Teaching a Diverse Medieval Europe: Undergraduate Pedagogy

AHA Session 187
Saturday, January 5, 2019: 10:30 AM-12:00 PM
Crystal Room (Palmer House Hilton, Third Floor)
Sarah Davis-Secord, University of New Mexico
Joshua Colin Birk, Smith College
Sarah Davis-Secord, University of New Mexico
Deanna Forsman, North Hennepin Community College
Susan Alice McDonough, University of Maryland, Baltimore County
Yvonne Seale, State University of New York, College at Geneseo

Session Abstract

Popular attention given towards medieval Europe has grown in recent years, particularly in the context of right-wing political movements that use the history of the Crusades and an image of the West to understand and justify present-day actions. Figures such as Anders Brevik have presented themselves as modern-day Knights Templar and other modern-day extremists hold up a monocultural and white medieval Europe as an example to be emulated. Medieval history has become a subject that is increasingly centered in current political debates and current political discourse. In such a context, there is a pressing need to prepare scholars who are trained to examine the medieval world in all its difference and complexity, and for those scholars to teach that medieval world clearly and effectively. This session will bring together teaching faculty to discuss how the subject of diversity in medieval Europe has created challenges in teaching undergraduates and how they have responded to those challenges.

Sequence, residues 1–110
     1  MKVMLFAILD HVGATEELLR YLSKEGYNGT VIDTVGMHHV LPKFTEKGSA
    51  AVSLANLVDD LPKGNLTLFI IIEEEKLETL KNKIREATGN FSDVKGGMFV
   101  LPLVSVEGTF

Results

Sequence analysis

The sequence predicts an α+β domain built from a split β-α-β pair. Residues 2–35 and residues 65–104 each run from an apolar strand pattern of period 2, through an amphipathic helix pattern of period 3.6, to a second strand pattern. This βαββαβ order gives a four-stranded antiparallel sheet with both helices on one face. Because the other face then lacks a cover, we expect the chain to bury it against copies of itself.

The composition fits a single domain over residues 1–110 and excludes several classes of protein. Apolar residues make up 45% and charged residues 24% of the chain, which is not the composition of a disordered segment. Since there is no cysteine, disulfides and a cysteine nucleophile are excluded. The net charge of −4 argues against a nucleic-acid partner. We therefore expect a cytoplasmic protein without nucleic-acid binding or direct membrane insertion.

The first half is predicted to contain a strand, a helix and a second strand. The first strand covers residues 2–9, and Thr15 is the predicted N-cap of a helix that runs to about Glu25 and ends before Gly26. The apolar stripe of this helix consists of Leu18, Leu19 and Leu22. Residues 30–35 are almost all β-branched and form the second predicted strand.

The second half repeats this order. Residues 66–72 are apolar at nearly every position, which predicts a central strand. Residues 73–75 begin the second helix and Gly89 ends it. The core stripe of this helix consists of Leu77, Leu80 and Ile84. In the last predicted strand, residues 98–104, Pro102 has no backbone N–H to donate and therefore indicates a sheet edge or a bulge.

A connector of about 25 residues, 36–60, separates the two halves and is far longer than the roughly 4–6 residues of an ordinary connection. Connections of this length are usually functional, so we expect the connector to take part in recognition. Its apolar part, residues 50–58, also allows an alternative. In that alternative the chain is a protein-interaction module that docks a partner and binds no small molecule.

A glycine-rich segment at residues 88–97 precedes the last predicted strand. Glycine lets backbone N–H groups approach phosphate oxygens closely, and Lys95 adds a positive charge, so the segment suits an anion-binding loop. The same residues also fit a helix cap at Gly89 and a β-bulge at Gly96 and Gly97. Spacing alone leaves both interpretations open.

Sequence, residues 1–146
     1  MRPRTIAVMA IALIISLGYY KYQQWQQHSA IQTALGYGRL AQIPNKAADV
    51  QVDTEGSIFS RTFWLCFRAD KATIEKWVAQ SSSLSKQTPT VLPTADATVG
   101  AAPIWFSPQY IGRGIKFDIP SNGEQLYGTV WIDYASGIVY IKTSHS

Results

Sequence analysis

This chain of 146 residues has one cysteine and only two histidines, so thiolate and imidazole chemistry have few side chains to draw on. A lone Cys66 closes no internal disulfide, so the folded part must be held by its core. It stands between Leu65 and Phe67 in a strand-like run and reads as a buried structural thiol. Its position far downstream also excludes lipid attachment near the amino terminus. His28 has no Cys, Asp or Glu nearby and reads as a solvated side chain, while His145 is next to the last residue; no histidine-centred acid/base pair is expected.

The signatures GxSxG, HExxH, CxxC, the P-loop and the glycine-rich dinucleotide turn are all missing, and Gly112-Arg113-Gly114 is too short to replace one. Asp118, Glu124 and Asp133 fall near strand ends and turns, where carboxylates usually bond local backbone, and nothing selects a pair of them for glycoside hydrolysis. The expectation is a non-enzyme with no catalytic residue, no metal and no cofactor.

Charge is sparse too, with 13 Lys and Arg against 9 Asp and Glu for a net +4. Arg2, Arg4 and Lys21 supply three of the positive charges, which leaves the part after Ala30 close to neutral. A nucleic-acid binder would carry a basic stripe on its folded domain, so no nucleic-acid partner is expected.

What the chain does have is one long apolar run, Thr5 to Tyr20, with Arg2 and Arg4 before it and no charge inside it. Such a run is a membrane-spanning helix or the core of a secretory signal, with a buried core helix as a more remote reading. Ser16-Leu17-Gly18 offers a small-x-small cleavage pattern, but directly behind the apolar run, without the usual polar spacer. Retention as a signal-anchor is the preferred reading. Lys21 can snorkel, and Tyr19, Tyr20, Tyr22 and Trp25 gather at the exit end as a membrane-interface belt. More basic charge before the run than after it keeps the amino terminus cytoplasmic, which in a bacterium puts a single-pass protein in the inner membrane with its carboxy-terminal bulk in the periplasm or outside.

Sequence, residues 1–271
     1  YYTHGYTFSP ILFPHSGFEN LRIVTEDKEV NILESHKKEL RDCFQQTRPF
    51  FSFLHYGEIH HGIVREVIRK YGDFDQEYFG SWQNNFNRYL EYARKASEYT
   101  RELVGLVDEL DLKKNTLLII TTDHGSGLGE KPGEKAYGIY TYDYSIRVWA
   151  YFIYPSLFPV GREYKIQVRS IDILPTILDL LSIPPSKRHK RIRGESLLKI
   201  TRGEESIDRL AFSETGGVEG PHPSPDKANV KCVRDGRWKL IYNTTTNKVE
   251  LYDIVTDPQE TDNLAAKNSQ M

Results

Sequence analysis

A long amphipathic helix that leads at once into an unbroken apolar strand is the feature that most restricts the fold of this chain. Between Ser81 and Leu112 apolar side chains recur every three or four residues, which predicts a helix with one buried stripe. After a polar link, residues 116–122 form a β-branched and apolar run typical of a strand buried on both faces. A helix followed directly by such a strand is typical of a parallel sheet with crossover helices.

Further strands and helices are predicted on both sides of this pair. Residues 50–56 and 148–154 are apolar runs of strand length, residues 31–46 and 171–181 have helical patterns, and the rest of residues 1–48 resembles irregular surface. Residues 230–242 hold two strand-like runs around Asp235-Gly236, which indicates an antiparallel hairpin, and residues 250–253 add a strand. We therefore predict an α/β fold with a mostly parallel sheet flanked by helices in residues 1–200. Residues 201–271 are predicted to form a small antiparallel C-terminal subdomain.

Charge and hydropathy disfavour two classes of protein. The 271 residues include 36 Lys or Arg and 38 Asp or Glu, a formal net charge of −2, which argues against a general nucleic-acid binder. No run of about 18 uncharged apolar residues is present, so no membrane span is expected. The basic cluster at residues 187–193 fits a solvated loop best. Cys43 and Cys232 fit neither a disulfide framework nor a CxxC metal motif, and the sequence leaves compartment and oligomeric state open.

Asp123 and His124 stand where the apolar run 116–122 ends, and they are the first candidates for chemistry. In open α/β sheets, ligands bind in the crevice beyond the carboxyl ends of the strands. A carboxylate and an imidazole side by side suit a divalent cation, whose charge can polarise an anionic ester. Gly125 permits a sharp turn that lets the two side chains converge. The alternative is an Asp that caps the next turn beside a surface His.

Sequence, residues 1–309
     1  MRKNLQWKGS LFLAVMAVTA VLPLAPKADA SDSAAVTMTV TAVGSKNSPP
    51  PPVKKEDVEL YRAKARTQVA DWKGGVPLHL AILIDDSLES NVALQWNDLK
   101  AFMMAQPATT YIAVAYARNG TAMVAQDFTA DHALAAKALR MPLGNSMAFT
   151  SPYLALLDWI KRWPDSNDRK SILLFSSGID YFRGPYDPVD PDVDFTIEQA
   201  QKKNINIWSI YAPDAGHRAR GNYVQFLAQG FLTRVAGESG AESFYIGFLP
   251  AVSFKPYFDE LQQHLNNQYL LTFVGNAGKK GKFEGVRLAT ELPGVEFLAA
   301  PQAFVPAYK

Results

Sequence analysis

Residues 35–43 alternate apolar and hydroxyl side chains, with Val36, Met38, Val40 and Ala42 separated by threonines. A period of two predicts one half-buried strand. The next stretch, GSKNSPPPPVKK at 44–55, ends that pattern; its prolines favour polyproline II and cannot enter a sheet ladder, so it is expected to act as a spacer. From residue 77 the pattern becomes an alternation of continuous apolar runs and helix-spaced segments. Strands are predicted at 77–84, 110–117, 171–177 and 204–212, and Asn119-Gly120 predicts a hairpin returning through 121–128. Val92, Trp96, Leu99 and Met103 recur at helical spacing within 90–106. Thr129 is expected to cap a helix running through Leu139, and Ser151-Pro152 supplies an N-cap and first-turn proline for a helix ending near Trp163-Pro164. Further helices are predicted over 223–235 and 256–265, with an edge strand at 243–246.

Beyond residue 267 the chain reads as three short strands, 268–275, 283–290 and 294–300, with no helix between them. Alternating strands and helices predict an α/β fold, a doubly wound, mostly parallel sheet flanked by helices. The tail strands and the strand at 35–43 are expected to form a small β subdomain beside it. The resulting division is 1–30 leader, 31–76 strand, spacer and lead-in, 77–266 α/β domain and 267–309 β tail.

This session will provide a platform for faculty presenters to discuss issues they have faced in the classroom revolving around the broad issue of diversity, ethnic, religious, and otherwise, in teaching the Middle Ages. The session will discuss a variety of issues in undergraduate curriculum, ranging from designing and teaching a course on specifically on race in medieval Europe to course design focused on making a general survey of medieval Europe more inclusive. As a roundtable, it will also provide a platform for the audience present questions about issues they have faced, opening up discussion about this important topic. This will provide historians with a venue to share effective strategies for teaching medieval history to undergraduates.

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